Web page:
Real World Use

I’ve used the KSG Armory Lexington extensively since first receiving it in August 2022. Its first use was during the two-day Armed Parent/Guardian course in Colorado. In addition, the holster has been my go-to for IDPA, regular range time, and daily concealed carry. It has accompanied me on multiple road trips and worn up to 12 hours in one sitting. While the Lexington is capable of being carried strong-side, I wore mine appendix for the entirety of the review process. To date, I’ve had zero issues with durability, accessibility, retention, or comfort with my holster.

KSG Armory Lexington
An open muzzle allows debris to fall through, and accommodates varying slide lengths

There is one seemingly minor update to the holster which I really appreciate as a user. This update is improved access to the magazine release while holstered. With some holsters, I’ve had to relieve this area with sandpaper or a Dremel. While this isn’t an issue day-to-day, it really starts to matter in classes and some competitions. Being able to swap a magazine without needing to draw the pistol can be a lifesaver in classes, ensuring you stay topped off for the next string of fire. Some people have concerns about accidentally ejecting a magazine throughout the course of their day. I’ve never experienced this in many years as a conceal carrier, and don’t consider it a concern in reality.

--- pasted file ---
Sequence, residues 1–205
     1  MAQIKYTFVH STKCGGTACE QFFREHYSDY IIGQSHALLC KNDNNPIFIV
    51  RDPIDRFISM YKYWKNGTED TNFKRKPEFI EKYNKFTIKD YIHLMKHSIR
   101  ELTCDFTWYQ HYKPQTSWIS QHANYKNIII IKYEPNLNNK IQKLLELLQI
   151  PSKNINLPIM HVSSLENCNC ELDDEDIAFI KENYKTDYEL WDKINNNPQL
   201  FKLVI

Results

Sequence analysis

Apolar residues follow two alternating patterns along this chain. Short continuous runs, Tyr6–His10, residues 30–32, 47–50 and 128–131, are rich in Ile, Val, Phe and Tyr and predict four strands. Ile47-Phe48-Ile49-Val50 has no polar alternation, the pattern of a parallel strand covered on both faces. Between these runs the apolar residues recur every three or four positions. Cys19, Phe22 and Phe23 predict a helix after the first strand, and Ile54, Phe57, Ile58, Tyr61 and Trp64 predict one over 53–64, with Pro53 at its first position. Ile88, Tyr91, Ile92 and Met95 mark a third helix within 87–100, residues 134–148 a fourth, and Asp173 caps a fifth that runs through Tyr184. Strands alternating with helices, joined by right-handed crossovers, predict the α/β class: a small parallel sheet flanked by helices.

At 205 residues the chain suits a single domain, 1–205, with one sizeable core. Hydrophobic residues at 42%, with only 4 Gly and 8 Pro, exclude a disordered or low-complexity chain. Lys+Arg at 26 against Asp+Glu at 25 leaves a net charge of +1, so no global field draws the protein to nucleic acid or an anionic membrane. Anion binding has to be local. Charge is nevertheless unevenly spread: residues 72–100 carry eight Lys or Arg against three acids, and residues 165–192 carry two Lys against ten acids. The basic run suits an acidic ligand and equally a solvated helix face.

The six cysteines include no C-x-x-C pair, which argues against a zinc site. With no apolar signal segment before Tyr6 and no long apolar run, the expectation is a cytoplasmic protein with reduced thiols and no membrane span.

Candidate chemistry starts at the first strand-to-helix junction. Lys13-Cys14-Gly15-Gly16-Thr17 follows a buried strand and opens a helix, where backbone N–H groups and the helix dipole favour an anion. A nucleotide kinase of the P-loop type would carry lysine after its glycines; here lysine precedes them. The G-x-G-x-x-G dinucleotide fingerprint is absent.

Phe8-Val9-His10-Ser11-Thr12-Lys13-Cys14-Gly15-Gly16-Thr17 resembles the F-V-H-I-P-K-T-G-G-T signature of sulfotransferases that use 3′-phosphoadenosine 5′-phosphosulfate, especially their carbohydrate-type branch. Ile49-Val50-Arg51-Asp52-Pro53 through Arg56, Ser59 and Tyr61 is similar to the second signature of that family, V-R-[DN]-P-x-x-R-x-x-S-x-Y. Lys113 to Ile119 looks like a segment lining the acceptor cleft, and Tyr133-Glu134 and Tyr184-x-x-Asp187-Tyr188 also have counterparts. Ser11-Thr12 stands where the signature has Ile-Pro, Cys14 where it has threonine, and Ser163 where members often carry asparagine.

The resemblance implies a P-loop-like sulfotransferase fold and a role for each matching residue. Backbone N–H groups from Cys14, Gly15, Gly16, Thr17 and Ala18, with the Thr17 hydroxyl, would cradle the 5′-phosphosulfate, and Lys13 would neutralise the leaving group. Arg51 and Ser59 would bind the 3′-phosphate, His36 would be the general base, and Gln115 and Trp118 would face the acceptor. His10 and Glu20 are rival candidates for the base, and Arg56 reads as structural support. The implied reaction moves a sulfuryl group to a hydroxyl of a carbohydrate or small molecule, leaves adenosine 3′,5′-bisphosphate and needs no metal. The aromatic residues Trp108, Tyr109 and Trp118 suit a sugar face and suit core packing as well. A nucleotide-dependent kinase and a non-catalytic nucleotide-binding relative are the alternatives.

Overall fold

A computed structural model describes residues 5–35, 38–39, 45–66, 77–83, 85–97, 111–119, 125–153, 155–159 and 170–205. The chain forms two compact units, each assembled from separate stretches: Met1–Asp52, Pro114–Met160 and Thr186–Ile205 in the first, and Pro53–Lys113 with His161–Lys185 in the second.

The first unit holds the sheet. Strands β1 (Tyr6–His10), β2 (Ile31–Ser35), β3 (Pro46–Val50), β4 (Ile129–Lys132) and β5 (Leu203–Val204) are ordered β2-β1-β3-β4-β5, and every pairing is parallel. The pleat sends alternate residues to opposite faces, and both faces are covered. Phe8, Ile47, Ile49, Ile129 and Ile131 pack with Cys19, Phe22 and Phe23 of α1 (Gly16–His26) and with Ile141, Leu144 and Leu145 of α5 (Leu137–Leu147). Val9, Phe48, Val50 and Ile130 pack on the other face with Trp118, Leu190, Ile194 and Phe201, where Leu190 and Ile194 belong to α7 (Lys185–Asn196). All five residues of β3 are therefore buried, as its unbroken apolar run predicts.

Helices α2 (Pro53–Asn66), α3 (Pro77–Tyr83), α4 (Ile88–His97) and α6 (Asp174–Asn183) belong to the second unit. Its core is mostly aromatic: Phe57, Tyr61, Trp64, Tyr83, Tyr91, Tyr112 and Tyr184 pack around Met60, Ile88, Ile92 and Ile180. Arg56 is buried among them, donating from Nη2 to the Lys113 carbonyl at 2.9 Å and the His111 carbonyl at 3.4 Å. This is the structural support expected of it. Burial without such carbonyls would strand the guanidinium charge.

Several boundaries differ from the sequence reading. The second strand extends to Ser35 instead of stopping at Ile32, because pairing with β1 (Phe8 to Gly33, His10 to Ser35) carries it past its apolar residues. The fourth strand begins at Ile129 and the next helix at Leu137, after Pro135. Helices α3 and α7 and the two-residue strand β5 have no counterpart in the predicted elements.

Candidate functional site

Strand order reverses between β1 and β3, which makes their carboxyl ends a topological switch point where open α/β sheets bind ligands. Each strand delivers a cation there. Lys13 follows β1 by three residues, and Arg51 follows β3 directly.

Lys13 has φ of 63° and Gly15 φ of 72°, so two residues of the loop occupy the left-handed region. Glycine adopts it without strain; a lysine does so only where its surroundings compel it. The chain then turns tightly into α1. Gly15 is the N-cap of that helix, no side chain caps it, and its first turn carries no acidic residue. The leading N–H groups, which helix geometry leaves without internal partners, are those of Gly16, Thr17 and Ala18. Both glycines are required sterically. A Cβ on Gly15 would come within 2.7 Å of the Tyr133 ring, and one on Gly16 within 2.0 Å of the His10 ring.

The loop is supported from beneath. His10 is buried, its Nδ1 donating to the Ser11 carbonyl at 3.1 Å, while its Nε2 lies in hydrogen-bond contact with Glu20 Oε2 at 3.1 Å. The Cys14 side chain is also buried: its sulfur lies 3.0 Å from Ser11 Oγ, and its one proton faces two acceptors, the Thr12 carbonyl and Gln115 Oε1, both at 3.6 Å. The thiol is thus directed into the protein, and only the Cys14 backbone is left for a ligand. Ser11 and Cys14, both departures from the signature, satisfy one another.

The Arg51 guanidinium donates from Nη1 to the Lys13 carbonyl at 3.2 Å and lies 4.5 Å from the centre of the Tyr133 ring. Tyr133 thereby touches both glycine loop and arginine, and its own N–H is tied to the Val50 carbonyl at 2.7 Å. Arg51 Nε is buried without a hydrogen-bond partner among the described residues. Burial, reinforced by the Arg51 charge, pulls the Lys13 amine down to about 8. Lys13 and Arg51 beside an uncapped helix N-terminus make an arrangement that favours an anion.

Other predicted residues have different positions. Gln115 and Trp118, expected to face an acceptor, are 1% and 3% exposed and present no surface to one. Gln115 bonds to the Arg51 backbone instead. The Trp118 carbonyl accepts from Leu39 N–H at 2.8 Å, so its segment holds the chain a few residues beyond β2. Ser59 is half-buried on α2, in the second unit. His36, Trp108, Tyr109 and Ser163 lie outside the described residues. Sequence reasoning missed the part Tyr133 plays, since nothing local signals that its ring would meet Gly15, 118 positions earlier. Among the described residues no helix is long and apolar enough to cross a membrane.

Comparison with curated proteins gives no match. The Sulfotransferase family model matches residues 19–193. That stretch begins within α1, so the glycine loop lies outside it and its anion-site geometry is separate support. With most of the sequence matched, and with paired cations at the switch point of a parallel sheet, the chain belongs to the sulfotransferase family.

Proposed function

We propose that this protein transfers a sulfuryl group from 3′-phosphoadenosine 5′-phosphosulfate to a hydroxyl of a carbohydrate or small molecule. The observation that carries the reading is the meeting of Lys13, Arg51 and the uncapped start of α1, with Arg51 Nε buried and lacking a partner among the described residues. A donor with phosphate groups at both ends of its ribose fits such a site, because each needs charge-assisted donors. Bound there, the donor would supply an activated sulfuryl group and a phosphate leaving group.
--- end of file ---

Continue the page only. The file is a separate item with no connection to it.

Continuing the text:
Final Thoughts on the KSG Armory Lexington

If you haven’t learned by now, I’m a fan of the KSG Armory Lexington. KSG Armory has had a great reputation for years, and the Lexington is an incremental improvement on an already solid product. With solid design cues, excellent attention to detail, and ambidextrous availability, this holster likely won’t be dethroned as my favorite for years to come. I highly recommend the Lexington to anyone looking to up their conceal carry game.

The Lexington is currently available directly from KSG Armory. MSRP on the holster starts at $80 and fluctuates based upon the specific configuration chosen by the user. You can order your Lexington >>HERE<<

Author’s Note: I was provided this holster for free from KSG Armory for test and evaluation purposes on the new design. I maintain a an acquaintanceship with the current and former owners for KSG Armory. No expectations of a positive review were given when receiving this holster, nor were my opinions influenced by my relationship with KSG Armory.


About Dan Reedy

Dan is an Air Force veteran, avid shooter, and dog dad. With a passion for teaching, he holds instructor certifications from Rangemaster, Agile Training & Consulting, and the NRA. He has trained with Darryl Bolke, Mike Pannone, Craig Douglas, among several other instructors, amassing over 400 hours of professional instruction thus far. In his spare time you’ll find him teaching handgun, shotgun, and less lethal classes.

Dan’s work has been published by Primer Peak, and The Kommando Blog, and he has been featured as a guest on Primary & Secondary.Dan Reedy headshot